I woke up this morning and walked the thousand meters to the northern entrance of the village and my friend Horacio was sitting exactly at the same snack bar we had met a week ago. I considered this to be a good sign for a start and I had about one hour conversation with him before he caught a transport to Santa Elena de Uairen where he worked as a music teacher for indigenous music and had to give lessons today. We basically agreed on a price and on a day for us to climb Mount Roraima, 40.000 Bolivares and Sunday.
I pretty much stayed the whole time at the bus stop opposite the police station together with all kinds of indigenous who were waiting for free transport to the north as well as to the south, mothers with children, sales people with their goods, schoolchildren after school, families who had visited their relatives. The indigenous police checked all the cars coming from either direction and tried to distribute the waiting passengers onto the cars regardless if they were locals or tourists.
I had another walk through the village and had taken some pictures of some maps that were painted onto the wall of the local posada. The owner started a conversation and I had to bring my computer to show him the pictures from my short visit to Guyana and Georgetown. He had clients who were asking to visit Guyana and he was thinking to offer that service. I spent about one hour with him looking at my maps and pictures. He was very happy and satisfied and offered me to help me organize and realize my tour to Mount Roraima, he had many family members who were all part of the tourist business in different functions.
At lunchtime a bus with Finnish tourists arrived and all had lunch at one of the restaurants. At the same time another group of mixed nationalities came back from Mount Roraima and had lunch at another restaurant. Each of the tour operators had an agreement with one of the restaurants; lunch in Kumarakapay was part of the tour. The sound of a lunch in an indigenous village sounds exotic in a brochure of a travel agent; grilled chicken with white rice and side salad, water or Coca Cola.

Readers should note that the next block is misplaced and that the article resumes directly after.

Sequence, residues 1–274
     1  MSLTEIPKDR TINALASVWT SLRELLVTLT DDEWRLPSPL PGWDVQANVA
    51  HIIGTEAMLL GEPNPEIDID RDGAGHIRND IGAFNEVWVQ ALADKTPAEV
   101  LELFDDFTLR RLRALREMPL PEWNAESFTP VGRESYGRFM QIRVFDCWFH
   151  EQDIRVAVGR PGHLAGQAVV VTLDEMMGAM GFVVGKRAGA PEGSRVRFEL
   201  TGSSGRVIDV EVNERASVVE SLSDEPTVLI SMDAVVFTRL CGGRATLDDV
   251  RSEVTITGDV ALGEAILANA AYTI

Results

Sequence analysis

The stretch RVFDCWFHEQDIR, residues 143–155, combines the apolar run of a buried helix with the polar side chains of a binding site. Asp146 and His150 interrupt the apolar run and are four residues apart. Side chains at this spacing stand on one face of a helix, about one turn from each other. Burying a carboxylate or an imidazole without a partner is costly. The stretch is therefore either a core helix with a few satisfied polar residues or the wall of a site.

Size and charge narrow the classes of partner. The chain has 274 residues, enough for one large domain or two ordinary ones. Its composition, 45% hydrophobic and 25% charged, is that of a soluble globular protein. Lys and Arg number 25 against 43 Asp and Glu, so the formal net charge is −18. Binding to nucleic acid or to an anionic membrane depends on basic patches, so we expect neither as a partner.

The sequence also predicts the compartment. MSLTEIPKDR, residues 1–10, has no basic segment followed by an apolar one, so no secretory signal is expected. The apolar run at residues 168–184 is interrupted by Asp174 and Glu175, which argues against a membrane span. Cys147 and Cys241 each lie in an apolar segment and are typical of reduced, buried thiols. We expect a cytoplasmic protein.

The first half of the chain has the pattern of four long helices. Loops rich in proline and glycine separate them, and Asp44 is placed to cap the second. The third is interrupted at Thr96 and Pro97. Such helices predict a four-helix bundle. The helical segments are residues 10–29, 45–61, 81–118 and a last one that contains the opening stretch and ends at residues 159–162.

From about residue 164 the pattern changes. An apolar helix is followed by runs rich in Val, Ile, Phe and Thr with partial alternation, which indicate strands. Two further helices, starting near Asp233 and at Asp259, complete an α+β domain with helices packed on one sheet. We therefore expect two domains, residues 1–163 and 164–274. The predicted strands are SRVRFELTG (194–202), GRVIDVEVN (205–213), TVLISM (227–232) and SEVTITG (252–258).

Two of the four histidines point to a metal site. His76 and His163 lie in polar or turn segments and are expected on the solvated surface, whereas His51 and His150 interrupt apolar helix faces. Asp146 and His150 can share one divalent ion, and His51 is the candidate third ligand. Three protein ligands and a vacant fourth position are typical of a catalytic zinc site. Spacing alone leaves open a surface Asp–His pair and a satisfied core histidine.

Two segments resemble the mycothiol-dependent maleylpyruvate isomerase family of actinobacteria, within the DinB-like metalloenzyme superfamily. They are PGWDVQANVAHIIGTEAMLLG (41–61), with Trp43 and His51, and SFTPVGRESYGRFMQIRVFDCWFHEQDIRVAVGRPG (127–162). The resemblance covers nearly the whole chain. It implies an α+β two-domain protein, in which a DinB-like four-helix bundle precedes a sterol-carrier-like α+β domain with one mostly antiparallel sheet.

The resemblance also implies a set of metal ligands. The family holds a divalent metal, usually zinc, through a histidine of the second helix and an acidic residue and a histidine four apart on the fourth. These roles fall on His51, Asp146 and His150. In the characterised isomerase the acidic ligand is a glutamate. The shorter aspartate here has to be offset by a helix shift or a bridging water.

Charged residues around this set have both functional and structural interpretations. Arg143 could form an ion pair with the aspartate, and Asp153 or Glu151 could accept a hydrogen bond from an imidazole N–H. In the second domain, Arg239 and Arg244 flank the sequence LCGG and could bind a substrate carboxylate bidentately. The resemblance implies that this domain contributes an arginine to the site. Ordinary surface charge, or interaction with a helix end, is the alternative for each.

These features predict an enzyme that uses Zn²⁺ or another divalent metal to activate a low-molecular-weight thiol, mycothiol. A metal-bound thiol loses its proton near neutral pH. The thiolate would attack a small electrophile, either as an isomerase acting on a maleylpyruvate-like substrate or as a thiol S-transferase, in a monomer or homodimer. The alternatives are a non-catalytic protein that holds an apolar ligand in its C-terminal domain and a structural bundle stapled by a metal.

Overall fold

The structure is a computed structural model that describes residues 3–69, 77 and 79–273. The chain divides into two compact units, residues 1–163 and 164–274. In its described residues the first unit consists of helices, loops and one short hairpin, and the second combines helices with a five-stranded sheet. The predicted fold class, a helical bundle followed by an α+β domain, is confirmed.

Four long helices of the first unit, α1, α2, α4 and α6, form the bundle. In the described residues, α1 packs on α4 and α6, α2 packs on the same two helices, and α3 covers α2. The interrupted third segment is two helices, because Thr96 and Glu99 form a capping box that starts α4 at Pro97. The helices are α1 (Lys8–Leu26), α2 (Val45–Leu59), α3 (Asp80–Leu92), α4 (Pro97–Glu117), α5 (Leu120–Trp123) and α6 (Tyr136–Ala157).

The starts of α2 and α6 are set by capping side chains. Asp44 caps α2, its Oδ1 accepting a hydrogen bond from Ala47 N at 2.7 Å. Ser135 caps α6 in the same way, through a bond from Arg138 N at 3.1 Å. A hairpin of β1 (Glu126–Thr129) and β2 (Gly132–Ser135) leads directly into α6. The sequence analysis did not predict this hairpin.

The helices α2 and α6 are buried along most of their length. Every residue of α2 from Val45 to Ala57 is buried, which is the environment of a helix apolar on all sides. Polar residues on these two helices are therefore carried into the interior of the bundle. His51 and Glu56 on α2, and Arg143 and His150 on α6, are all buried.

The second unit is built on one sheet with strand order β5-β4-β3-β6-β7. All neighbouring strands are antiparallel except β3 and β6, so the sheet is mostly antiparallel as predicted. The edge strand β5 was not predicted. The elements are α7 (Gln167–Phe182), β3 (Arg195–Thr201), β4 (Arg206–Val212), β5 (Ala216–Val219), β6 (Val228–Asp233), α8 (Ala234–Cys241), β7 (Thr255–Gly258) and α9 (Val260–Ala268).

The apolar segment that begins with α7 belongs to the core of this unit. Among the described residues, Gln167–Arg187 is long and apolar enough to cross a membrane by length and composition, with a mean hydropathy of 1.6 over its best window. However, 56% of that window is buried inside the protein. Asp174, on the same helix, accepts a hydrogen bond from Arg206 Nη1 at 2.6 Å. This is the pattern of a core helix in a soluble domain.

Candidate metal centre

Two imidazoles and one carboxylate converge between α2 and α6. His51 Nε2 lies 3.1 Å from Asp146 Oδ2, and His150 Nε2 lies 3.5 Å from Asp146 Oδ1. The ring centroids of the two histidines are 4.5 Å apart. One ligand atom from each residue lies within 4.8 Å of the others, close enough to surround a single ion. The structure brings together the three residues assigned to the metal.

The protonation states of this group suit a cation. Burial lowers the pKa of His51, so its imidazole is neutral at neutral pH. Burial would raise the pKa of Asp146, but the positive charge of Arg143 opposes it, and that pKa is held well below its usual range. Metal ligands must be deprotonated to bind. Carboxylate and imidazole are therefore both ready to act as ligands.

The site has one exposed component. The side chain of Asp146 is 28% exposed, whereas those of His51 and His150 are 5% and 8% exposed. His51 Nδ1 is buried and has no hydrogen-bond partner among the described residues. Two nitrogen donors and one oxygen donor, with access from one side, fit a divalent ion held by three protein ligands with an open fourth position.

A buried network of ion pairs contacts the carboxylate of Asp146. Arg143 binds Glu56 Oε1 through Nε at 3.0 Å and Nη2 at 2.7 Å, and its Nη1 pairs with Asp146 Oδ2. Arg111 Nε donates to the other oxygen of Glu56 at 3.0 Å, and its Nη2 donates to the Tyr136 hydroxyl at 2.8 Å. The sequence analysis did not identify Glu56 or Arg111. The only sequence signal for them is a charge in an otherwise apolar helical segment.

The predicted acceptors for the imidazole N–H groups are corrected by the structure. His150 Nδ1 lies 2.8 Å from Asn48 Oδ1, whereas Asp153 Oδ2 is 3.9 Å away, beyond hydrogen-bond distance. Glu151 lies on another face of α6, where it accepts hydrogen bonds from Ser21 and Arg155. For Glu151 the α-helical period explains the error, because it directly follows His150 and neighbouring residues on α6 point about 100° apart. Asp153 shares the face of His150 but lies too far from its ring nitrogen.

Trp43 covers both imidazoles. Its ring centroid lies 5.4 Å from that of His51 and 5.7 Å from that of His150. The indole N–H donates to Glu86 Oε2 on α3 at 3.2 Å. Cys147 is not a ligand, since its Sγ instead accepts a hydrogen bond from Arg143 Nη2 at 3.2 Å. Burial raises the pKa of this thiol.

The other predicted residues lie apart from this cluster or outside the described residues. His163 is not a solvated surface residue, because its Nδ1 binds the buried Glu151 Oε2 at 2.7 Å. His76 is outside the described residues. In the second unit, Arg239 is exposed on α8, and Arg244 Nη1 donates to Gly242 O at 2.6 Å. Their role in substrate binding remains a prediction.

With the beginning of the sunset the illumination along the street went on but a blackout turned them off again just half an hour later, flashes of lightning were visible in the sky and they seemed to come closer. The sound of the rain on the aluminum roof of the restaurant was the acoustic proof that the rainstorm had arrived to the village. I went to the car and really enjoyed the natural phenomena; the village was completely dark and the flashes of lightning were now creating a spectacular illumination. The deep sound of the thunder created a nice mix together with the lighter sound of the rain hitting the car. I was now my own DJ and mixed the natural sound with a House music mix of my dear friend Albert alias Joe due Notting from my hometown.